China's solar module exports rose to the equivalent of 58 gigawatts of capacity in the first three quarters of the year, compared to 41.6 GW for all of 2018, as a slowdown at home pushed panel sales overseas, an industry association said.
Wang Bohua, vice-chairman of the China Photovoltaic Industry Association, also told a conference on December 5 that the value of the country's solar component exports hit $17.74 billion over the first three quarters of 2019 and could exceed $20 billion for the whole year, an increase of 25% over 2018.
Europe accounted for 34.9% of the export sales in the first three quarters, and the United States only 0.2%, Wang said.
U.S. President Donald Trump's administration implemented a four-year tariff regime on solar panels in 2018, an opening salvo in a trade war aimed at helping U.S. manufacturers rebound from years of decline due to foreign competition.
Beijing said in May last year it would wind down subsidies to the nation's solar industry to reflect rapidly declining construction and generation costs. It also sought to tackle a spiralling payment backlog amounting to more than 100 billion yuan ($14.2 billion).
China has been trying to achieve what is known as "grid price parity", in which renewable energy suppliers are capable of competing subsidy-free with coal-fired power generators.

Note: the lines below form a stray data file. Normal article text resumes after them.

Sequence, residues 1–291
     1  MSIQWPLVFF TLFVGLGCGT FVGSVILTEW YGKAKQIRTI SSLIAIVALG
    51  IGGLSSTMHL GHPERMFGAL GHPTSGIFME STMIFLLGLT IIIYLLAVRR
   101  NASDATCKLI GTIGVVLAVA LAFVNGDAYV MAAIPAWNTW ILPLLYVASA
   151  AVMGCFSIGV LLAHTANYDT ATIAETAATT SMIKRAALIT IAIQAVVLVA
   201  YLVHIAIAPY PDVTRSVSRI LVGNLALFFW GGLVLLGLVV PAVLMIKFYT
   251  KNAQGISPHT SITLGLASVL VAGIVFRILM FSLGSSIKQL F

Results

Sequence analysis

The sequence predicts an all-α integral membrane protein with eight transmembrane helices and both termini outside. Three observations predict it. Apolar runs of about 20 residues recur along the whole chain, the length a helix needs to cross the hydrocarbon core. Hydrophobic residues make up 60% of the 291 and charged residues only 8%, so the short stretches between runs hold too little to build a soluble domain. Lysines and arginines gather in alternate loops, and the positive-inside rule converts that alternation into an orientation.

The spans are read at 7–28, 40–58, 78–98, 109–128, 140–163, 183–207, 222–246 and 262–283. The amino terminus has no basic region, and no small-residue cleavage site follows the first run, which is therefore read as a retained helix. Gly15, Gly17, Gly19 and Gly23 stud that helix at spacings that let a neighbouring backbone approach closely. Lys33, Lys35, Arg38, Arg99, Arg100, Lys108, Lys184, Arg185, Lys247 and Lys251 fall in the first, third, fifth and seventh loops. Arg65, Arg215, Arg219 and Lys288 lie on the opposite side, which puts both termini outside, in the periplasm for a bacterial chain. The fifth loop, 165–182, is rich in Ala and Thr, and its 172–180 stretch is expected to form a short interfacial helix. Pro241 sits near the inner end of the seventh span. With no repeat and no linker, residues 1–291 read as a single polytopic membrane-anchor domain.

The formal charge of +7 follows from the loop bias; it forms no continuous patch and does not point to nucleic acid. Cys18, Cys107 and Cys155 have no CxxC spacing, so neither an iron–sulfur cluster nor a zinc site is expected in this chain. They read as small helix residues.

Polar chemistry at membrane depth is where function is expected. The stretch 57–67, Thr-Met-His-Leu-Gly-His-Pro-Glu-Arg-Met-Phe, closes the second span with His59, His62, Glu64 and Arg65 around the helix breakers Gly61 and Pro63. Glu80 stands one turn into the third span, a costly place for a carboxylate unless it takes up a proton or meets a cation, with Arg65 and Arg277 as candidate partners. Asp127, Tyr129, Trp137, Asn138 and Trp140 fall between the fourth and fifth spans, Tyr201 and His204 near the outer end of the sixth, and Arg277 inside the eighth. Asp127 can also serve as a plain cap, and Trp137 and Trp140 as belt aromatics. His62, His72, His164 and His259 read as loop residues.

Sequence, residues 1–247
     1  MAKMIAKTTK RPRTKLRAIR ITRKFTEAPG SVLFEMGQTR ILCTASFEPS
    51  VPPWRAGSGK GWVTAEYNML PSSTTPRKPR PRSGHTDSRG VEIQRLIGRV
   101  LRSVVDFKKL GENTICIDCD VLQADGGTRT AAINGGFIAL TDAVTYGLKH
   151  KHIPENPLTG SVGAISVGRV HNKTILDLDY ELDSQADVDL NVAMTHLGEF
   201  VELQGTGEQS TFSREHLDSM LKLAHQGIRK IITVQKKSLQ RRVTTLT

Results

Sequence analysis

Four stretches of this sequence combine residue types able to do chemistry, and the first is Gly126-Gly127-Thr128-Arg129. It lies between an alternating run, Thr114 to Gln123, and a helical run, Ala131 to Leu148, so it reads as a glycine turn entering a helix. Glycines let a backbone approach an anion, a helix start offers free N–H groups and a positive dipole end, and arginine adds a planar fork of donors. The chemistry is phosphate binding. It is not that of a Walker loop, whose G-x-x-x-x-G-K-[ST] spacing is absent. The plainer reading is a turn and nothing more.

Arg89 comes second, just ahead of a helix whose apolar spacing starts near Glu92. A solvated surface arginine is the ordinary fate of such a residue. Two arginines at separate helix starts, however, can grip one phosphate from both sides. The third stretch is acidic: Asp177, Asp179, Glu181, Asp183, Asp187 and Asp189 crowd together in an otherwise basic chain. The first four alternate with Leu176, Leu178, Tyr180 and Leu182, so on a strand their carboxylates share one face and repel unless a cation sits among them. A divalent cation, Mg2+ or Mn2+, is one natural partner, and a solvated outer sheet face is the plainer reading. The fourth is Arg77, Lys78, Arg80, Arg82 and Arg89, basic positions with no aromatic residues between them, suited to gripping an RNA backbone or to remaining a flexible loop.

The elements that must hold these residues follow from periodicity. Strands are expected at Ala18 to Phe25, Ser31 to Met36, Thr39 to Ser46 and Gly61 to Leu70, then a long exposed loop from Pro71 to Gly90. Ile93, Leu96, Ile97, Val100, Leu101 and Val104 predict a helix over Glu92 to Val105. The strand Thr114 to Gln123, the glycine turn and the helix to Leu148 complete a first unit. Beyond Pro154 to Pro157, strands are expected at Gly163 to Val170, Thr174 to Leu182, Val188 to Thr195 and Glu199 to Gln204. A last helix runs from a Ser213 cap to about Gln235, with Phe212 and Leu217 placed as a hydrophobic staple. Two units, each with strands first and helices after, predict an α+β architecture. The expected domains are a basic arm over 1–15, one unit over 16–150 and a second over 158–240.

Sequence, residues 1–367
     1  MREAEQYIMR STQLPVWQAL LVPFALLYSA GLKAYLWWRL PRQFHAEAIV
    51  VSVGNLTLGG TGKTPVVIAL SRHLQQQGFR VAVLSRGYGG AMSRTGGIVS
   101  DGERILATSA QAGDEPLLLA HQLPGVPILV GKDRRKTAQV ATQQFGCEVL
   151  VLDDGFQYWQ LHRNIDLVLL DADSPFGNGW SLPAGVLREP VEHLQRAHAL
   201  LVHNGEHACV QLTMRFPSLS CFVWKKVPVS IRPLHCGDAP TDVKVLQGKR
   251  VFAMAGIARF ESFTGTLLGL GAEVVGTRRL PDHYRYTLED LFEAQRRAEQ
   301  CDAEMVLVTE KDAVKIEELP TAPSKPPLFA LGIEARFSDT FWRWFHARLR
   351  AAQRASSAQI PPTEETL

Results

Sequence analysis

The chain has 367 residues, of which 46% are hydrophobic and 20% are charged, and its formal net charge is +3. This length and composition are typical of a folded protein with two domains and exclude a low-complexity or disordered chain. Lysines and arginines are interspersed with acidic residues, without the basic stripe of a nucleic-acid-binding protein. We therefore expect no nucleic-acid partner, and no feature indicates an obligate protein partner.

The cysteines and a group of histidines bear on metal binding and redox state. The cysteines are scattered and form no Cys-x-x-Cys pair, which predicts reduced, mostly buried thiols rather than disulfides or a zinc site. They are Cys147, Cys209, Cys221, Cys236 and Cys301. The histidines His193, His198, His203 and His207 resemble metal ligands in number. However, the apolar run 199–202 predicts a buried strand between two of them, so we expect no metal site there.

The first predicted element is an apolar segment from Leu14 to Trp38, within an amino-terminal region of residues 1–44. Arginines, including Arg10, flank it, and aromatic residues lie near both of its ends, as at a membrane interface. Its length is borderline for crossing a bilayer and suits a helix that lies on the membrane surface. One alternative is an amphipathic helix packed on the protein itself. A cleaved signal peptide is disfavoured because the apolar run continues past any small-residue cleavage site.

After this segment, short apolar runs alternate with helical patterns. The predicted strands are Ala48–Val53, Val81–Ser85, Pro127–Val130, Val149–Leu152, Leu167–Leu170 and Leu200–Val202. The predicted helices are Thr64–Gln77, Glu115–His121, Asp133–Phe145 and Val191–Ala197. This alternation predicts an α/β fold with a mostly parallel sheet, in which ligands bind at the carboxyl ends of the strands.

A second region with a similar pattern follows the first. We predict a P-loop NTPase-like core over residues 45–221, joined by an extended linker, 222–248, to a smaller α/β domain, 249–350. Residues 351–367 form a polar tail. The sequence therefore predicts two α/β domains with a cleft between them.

New capacity additions in China came in at 15.99 GW in the first three quarters of 2019, Wang said. New installations for the year were expected to reach around 25-30 GW this year, down from a record 53 GW in 2017 and 44 GW in 2018.
Most of the capacity added in 2019 has been subsidy-free, and all new projects are expected to operate without government support by 2021.
Executives have warned the subsidy cuts would lead to a slowdown in new capacity for around five years. CPIA's Wang, however, said installations could recover by next year.
"We aren't optimistic about new installations this year," Wang said, noting that the association's initial minimum expectation at the start of 2019 was 35 GW.
"We expect installations to be more next year, at least 40 GW," he said.
Total solar module production hit 75 GW over the nine months, up 32% from a year earlier, suggesting domestic manufacturers are confident that overseas orders can offset declining demand at home.
But Wang said the industry would see some consolidation, with some smaller producers still expected to leave the market.
(Writing by Tammy Yang Editing by Jessie Jia)
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